cerity. Secretary Hull at no time
has trimmed his actions to the yard
stock of political expediency.
’ Its strange how crazy ideas of yes
terday become the good solid sense
101' today. A few years ago a candi
date for governor of Kansas ran on
a platform, one of the planks of
which was a pond on every .farm.
The idea was hooted then but since
that time it has become the accept
ed program for the state. 8011 and
water are the state’s shief assets. It
always has the soil, but it must con
serve the moisture in times of plen- %
ty if it is to have it in time of need. J
The Richland bank closed its
doors upon order of the board of di
The grade school baseball team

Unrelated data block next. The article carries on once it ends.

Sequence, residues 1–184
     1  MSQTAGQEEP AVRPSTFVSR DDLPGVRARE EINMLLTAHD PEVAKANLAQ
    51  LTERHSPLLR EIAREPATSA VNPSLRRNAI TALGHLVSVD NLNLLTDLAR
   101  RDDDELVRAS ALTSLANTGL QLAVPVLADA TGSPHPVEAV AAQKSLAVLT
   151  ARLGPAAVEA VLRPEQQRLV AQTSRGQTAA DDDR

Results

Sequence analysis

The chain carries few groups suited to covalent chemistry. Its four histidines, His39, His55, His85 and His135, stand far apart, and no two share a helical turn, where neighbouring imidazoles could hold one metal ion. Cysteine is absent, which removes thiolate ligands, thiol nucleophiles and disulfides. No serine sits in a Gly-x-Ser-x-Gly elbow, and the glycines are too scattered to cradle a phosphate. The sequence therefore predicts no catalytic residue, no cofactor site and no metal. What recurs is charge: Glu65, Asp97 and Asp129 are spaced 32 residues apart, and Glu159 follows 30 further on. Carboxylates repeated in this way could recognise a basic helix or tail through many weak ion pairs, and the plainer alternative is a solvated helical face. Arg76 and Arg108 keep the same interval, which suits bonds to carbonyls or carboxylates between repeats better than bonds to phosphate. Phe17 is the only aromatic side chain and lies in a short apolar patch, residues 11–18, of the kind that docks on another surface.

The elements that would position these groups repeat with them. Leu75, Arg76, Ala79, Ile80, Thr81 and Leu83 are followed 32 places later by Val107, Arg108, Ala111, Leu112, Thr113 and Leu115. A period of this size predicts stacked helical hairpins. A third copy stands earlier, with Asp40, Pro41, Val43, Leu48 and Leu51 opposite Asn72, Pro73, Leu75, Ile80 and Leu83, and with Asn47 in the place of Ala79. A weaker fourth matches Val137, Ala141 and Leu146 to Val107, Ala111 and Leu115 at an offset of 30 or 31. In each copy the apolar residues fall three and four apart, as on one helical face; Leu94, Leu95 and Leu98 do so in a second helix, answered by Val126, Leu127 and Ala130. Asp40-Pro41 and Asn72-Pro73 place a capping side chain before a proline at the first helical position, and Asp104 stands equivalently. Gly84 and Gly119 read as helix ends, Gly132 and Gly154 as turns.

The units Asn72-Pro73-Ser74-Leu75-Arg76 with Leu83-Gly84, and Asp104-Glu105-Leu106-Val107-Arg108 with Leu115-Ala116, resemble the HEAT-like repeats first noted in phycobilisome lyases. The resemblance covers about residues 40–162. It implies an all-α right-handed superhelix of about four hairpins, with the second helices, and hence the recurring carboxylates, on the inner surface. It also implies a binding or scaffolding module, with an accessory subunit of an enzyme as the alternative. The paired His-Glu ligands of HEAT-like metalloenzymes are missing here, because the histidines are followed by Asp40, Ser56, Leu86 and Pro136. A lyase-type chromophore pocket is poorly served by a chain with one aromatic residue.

finished their first season by win
ning all four games. Some of the
players were Walt McCamish, Bill
Hem-bree, Jack O'Neil, Leroy Mad-.
dox. Issuer Brown, Bill Graves and
Harold Lenz.
The city was then engaged in
working on the continuation of
Fruitland street in the Garden
Tracts. A discussion of the city’s
street lighting system was held by
the council.
Immediate action was being dis
cussed toward putting the Highland
pumping plant and was assured by
the federal reclamation board, who
had a representative at a recent
meeting in Kennewick.
There had been $1346 in cash and
pledges turned in so far to the com
munity chest campaign fund.
'E. s. McDonald, who had spent
several days in the Pasco hospital
recovering from injuries in a recent
accident, was home.
A. T. Belair had installed a neon